First, the “VIEW MODE” button has been moved to the camera menu (now called “EVF/LCD SETTING”) and replaced with the Quick Menu (Q). Certainly, a welcome change, since I rarely ever touched the VIEW MODE button on my X-E1. The default behavior for the view mode is “Eye Sensor”, which by default shows everything on the LCD and switches to the EVF when the sensor is activated. The Quick Menu is a nice way to quickly make changes to the camera settings like ISO and White Balance, however, I really wish Fuji allowed customizing this screen.
Personally, I don’t care for things like Dynamic Range, Noise Reduction and Image Size, but I would love to keep such settings as ISO, Autofocus Mode and Flash on the top of the menu for faster access. In addition, the whole Q menu is implemented poorly in my opinion. A person that does not understand how to operate Fuji cameras would have no idea that they have to move the rear dial to make changes. Naturally, one would scroll to each menu item and press “OK” in the middle to select/change option, which in the current implementation leaves the Quick Menu screen. A much better approach would have been to allow one to press the OK button, which selects the menu item, then allow pressing the left and right buttons to change settings.
The AE-L and AF-L buttons have been separated into two separate buttons for independent control. Now you can hold the AF-L button to lock focus while taking pictures, while the AE-L button will allow you to lock the exposure separately. And if you want to go back and be able to lock both, you can still do it, but you will have to change the “AF-LOCK MODE” menu setting first.
The bottom navigation button now has an “AF” label, because the “AF” button to the left of the LCD has been replaced by a Fn2 (Function 2) button. Now, this part is where I get ticked off by Fuji’s implementation of the Focus Area selection. On any camera with good ergonomics, the default behavior of the navigation buttons in shooting mode is to select a focus point. For some strange reason, Fuji decided to dedicate the top button for “Macro” (which almost never gets used), deactivate the side buttons completely and use the bottom button for selecting the focus point. What Fuji should have done instead, is eliminate the Macro button (put it in camera menu) and allow the four navigation buttons to move focus points. This would save a lot of time and frustration for many photographers including myself since there is no need to press a button just to move the focus point! I have been waiting for this change for a while and I cannot wait when Fuji finally addresses it.
On a positive note, the X-E2 got a lot of customization options compared to the X-E1. First, the Fn2 button that I mentioned above can be programmed to perform many different menu functions. In addition, both the AF and the AE buttons can also be customized, making it a total of 4 configurable buttons (the X-E1 only had two programmable buttons).
Unfortunately, my biggest handling complaint on the X-E1 has not been fixed on the X-E2 – the tripod mount is still located right next to the battery chamber. So removing a memory card is still painful when using a tripod plate. It would be great if Fuji could move the card slot to the side of the camera, or move the tripod socket away from the battery compartment.
Overall, I love the way Fuji implemented controls on the X-E2. The large dial on the top is for setting the shutter speed of the camera, with an option to switch to Auto mode (red “A”). While the dial shows shutter speed increments in full stops, do not worry – you can still go in smaller 1/3 stop steps simply by pressing the Left and Right buttons on the back of the camera. So you could just set 1/250 and move the shutter speed down to 1/200, or set the dial to 1/125 and move it up to 1/200. If you have used a DSLR before and never touched a rangefinder, you might find yourself looking for a way to switch the camera mode from Auto/Program to Shutter Priority, Aperture Priority or Manual. Unlike a modern DSLR, there is no camera mode switch.
To change the camera to Shutter Priority, you simply rotate the large top dial to the desired shutter speed, while moving the lens aperture ring to the red “A” (Auto). To change the camera to Aperture Priority, you leave the top shutter dial at “A”, while rotating the aperture ring to an aperture of your choice. To change the camera to Manual Mode, you pick whatever aperture you want on the lens and pick whatever shutter speed you want on the camera. Lastly, Program mode can be set by setting both the top dial on the camera and the dial on the lens to “A”. Super simple and very intuitive in my opinion.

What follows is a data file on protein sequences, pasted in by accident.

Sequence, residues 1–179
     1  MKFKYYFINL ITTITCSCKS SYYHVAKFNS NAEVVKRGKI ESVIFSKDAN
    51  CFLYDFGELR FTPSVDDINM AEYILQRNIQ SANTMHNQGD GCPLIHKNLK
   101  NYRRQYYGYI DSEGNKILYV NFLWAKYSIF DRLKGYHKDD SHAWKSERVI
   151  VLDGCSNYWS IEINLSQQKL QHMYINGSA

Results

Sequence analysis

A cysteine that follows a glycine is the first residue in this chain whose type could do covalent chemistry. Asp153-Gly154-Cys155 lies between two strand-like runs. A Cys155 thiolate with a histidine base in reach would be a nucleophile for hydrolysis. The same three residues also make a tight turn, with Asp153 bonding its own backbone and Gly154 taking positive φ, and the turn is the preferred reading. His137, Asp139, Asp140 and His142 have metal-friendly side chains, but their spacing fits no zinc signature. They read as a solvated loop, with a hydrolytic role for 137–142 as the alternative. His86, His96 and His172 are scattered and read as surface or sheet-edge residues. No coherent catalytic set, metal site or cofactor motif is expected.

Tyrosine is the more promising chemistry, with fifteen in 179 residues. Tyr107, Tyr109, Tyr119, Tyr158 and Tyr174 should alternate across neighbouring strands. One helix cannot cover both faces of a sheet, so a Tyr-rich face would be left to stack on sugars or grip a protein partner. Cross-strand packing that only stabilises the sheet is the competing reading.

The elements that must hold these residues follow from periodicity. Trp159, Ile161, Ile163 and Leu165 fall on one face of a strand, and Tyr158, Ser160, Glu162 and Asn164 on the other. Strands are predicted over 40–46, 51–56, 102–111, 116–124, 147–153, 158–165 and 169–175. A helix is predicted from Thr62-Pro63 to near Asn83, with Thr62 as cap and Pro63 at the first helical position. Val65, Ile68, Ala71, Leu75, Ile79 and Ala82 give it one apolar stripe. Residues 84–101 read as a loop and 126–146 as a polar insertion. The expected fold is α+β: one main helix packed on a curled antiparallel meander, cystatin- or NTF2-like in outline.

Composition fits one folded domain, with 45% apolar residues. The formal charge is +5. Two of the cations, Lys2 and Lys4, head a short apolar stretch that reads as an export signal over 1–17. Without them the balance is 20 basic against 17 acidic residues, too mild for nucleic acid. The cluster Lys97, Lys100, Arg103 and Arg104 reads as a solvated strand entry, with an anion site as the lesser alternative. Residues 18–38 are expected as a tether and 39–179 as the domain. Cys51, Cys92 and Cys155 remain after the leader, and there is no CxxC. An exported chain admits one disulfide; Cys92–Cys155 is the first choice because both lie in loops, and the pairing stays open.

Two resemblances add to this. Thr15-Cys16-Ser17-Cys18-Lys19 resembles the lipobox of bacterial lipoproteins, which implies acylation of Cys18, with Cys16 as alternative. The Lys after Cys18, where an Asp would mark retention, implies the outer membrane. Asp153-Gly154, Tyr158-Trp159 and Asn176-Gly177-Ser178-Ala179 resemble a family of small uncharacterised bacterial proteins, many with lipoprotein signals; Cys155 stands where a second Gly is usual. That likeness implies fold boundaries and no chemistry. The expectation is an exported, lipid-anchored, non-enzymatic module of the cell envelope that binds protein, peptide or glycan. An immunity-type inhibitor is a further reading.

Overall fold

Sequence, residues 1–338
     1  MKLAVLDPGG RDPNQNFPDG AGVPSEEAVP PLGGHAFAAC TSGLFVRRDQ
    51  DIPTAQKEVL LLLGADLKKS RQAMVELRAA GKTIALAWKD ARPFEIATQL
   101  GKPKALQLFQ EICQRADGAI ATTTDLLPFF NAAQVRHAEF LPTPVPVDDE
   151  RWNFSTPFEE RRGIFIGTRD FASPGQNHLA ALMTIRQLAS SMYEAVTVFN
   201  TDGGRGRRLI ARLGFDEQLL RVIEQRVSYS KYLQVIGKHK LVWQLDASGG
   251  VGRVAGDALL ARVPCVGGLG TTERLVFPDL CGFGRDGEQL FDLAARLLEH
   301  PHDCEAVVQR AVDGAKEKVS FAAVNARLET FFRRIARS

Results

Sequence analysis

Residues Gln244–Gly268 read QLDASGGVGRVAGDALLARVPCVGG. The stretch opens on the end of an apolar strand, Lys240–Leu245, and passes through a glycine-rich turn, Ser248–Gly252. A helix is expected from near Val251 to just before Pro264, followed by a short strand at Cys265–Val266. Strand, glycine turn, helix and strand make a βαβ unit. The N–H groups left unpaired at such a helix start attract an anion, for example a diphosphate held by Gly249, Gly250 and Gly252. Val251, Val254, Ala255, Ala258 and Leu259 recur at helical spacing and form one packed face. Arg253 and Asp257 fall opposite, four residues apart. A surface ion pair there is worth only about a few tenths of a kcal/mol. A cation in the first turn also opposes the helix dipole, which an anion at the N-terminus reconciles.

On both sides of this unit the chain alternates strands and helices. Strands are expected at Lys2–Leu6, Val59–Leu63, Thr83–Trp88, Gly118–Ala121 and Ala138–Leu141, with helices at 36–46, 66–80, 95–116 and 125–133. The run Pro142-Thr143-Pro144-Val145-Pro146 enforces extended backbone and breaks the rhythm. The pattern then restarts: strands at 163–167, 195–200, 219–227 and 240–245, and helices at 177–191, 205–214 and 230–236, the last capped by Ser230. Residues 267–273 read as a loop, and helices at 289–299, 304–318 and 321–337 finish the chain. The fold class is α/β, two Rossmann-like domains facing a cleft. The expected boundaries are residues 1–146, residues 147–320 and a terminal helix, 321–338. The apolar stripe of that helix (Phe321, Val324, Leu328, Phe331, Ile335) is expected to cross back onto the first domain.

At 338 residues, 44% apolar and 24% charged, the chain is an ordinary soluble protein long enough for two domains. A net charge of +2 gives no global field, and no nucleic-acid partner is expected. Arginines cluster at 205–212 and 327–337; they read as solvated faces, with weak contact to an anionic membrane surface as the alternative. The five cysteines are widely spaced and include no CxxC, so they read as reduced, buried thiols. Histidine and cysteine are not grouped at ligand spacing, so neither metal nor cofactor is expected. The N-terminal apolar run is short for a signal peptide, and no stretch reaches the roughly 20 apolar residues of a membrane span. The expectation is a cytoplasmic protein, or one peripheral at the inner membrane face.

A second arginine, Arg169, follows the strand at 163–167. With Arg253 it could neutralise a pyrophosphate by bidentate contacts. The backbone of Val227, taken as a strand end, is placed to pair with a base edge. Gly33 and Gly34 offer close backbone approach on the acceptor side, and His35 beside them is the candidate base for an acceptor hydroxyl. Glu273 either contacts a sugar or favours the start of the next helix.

Operating the camera and navigating the menu system is a breeze. Although RAW shooting at boosted ISO levels (100, 12,800 and 25,600) is still not there, Fuji fixed the Auto ISO feature to allow setting the minimum shutter speed. It also moved the cap to ISO 6400, which is nice. What I would like to see going forward, is an automated way to control the minimum shutter speed, depending on the focal length of the lens. Nikon has implemented this feature on all of its current DSLRs and it works great! This way, I do not have to change the minimum shutter speed every time I change a lens or change focal length on a zoom lens.
A huge annoyance that Fuji has fixed on the X-E2 is the ability to delete images when zoomed in during playback. This one drove me nuts on the X-E1, so I am very glad that Fuji has finally taken care of it.
Lens Modulation Optimizer
An interesting feature that has been added to the X-E2 is the Lens Modulation Optimizer (LMO). In short, LMO applies software tweaks to images to reduce the effect of diffraction and other optical aberrations, resulting in sharper images. I did a quick test at f/8 and at f/16 in JPEG format using the Fuji 23mm f/1.4 lens and the differences are pretty clear at 100% view, as demonstrated here. However, this feature is not something that I personally care about, because it only applies to JPEG images. Since I shoot RAW, the Lens Modulation Optimizer setting does not matter, similar to Dynamic Range, Noise Reduction and other image-enhancing features found on the camera.
A notable upgrade over the X-E1 is the new gorgeous 3″ LCD monitor with 1.2 million dots, the same one found on the X-Pro1. While the screen size and resolution are not very important to me, it is still something nice to have when looking at images. When navigating the menu system, the fonts appear smoother on the X-E2 when compared to the X-E1, thanks to a lot more pixels. To be honest, I find the smaller and lower-resolution screen on the X-E1 to be sufficient for my needs, so this one is only a “nice to have” for me.
Just like the X-E1, the X-E2 also comes with a very important feature for those of us that do not have perfect vision – there is a diopter adjustment to the left of the viewfinder. The X-Pro1 comes with a removable cover that you can remove and replace, but that costs extra and is not convenient if multiple people use the camera. From that standpoint, I really like the X-E1 / X-E2, because you can adjust the diopter to your needs and change it to a different setting if you are wearing glasses or hand the camera to someone else.